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The sweet potato and it´s evolutionary traces

28.08.2017

The sweet potato is getting more and more popular in our local kitchen. The relationship to our normal potato is distant but nevertheless the usage of these two ingredients, like mashed or as fries, is quite similar. How astonishing complex the genome of the sweet potato is was revealed now in the journal Nature Plants by scientists from the Chenshan Botanical Garden (CSBG) in Shanghai, the Max Planck Institute for Molecular Genetics (MPIMG) in Berlin, the Shanghai Institute of Plant Physiology and Ecology (SIPPE), the Max Planck Institute of Molecular Plant Physiology (MPIMP) in Potsdam and the Tai’an Academy of Agricultural Sciences (TAAS) in Shandong.

Besides the research in model plants like Arabidopsis thaliana, studies in crop plants is focused by many scientists worldwide. Goals are to gain basic knowledge about different plants as well as reaching breeding aims like the improvement of yield or a higher resistance against changing environmental conditions. In regard to the growing world population these aims are important steps for future food assurance.


The hexaploid sweet potato has six copies of each chromosome.

Jun Yang

The unraveling of the plant genome is the first step for a better understanding. Some of Germany´s most important crop plants are potato and wheat which hence are both well studied and characterized. Within the following study a better understanding of another important crop plant was achieved.

Researchers from five different research institutes in China and Germany were able to sequence the complete genome of the sweet potato Ipomoea batatas. This plant belongs to the family Convolvulaceae and with a production of more than 100 million tons being the seventh most important crop in the world and the fourth most significant crop of China.

In advance it was already predicted that the sweet potato, having 90 chromosomes and being a hexaploid organism, would be no easy species for a complete sequencing project. The amount of chromosomes is high compared to many other plants but the phenomenon of polyploidy can be found as well in many other plants as for example in the hexaploid wheat.

Polyploidy is characterized by having more than a normal diploid set of chromosomes (2n) in the genome, in the case of sweet potato and wheat each homologous chromosome is present six times. How is a duplication of chromosomes possible and what is the result for the plants which is affected?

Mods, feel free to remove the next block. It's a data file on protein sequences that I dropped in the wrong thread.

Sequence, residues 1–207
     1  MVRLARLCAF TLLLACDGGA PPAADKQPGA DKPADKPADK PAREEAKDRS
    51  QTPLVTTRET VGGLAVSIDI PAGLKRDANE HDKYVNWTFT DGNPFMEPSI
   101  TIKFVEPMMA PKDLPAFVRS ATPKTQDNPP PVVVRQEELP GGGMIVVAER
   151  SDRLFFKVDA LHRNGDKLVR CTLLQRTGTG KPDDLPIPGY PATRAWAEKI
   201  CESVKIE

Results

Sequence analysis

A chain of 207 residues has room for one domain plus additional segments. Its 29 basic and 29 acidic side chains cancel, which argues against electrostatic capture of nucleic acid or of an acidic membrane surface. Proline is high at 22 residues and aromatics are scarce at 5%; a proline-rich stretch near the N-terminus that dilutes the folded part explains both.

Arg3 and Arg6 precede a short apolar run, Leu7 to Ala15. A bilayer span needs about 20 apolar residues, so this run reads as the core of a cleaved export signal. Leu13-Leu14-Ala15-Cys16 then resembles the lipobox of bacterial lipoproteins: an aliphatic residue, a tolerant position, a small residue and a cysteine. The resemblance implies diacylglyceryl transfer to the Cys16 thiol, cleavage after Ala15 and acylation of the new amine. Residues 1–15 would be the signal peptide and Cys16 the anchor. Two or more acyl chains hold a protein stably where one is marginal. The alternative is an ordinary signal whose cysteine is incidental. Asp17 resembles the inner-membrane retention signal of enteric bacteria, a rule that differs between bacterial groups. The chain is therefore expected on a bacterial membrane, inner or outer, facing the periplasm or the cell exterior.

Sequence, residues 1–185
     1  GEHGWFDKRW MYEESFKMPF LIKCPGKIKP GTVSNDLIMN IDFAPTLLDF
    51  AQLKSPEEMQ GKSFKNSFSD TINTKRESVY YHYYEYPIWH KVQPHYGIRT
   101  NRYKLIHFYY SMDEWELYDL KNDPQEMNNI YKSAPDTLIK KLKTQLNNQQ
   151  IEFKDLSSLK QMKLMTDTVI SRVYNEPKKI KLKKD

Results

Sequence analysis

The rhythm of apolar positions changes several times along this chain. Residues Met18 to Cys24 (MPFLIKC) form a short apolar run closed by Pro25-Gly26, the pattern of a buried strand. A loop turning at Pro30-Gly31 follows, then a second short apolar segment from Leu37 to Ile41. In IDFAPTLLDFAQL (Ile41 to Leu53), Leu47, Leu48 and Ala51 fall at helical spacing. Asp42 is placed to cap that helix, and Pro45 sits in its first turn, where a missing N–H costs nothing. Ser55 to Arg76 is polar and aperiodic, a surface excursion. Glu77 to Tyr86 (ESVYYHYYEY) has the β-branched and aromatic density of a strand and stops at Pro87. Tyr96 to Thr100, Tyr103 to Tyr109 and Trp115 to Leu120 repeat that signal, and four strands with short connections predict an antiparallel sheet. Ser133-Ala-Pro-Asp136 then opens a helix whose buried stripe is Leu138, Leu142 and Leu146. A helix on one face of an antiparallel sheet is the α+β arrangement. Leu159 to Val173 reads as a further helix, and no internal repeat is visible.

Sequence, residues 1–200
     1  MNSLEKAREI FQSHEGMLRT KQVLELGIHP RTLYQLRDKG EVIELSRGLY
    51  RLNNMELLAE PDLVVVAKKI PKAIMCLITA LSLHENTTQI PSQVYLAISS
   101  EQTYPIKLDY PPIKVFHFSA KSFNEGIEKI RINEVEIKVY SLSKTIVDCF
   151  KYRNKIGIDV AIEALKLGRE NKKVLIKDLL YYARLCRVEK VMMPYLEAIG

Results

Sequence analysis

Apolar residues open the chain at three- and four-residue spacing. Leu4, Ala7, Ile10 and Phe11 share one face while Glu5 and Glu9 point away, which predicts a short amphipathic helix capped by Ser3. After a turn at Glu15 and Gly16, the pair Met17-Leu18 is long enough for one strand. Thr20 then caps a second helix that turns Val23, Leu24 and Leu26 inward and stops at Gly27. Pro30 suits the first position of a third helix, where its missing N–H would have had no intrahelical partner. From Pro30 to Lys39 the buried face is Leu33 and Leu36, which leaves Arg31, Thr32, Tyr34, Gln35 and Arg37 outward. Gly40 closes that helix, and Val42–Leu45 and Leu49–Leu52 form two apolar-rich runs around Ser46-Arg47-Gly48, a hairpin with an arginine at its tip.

A whole-genome duplication event can be caused by an incorrect separation of the chromosomes within the meiosis phase. Reasons for this malfunction are manifold and can include spontaneous mutations, poison or even just environmental conditions like cold. The impact of such a polyploidization event can be severe and even lethal. Nevertheless in plant species this phenomenon can be as well neutral or positive and lead to an accelerated evolution.

A remarkable example can be found in the evolution of wheat since the hexaploid durum wheat (6n) arose from the diploid einkorn wheat (2n). This was possible by spontaneous crosses of the einkorn wheat with several diploid wild grasses which accumulated the chromosome number up to the current hexaploid state in the durum wheat.

In the current issue of Nature Plants the researchers show that the nowadays sweet potato has gone through a similar evolution 500.000 years ago. Ancestors have been a diploid and a tetraploid plant which cross lead to the hexaploid Ipomoea batatas. They developed a novel haplotyping method with which they are able to predict the origin of the single chromosomes.

Furthermore they could show that quite a number of genes have accumulated deleterious mutations on different alleles. This leads to the assumption that the selection pressure on the redundant chromosomes is much lower and hence that the ploidization event can drive an evolutionary advantage. In other words: due to the existence of six instead of two copies of the genome the accumulation of deleterious mutations is without a negative impact for the sweet potato.

Contact
Prof. Alisdair Fernie
Max Planck Institute of Molecular Plant Physiology
Phone +49331/567 8211
fernie@mpimp-golm.mpg.de

Dr. Jana Dotzek and Dr. Ulrike Glaubitz
Public Relations Officers
Max Planck Institute of Molecular Plant Physiology
Phone +49331/567 8211
pr@mpimp-golm.mpg.de
http://www.mpimp-golm.mpg.de

Jun Yang, M-Hossein Moeinzadeh, Heiner Kuhl, Johannes Helmuth, Peng Xiao, Stefan Haas, Guiling Liu, Jianli Zheng, Zhe Sun, Weijuan Fan, Gaifang Deng, Hongxia Wang, Fenhong Hu, Shanshan Zhao, Alisdair R Fernie, Stefan Boerno, Bernd Timmermann, Peng Zhang & Martin Vingron. Haplotype-resolved sweet potato genome traces back its hexaploidization history. Nature Plants, 2017; DOI: 10.1038/41477-017-0002.

Weitere Informationen:

http://www.mpimp-golm.mpg.de/2154967/sweet-potato

Dr. Ulrike Glaubitz | Max-Planck-Institut für Molekulare Pflanzenphysiologie

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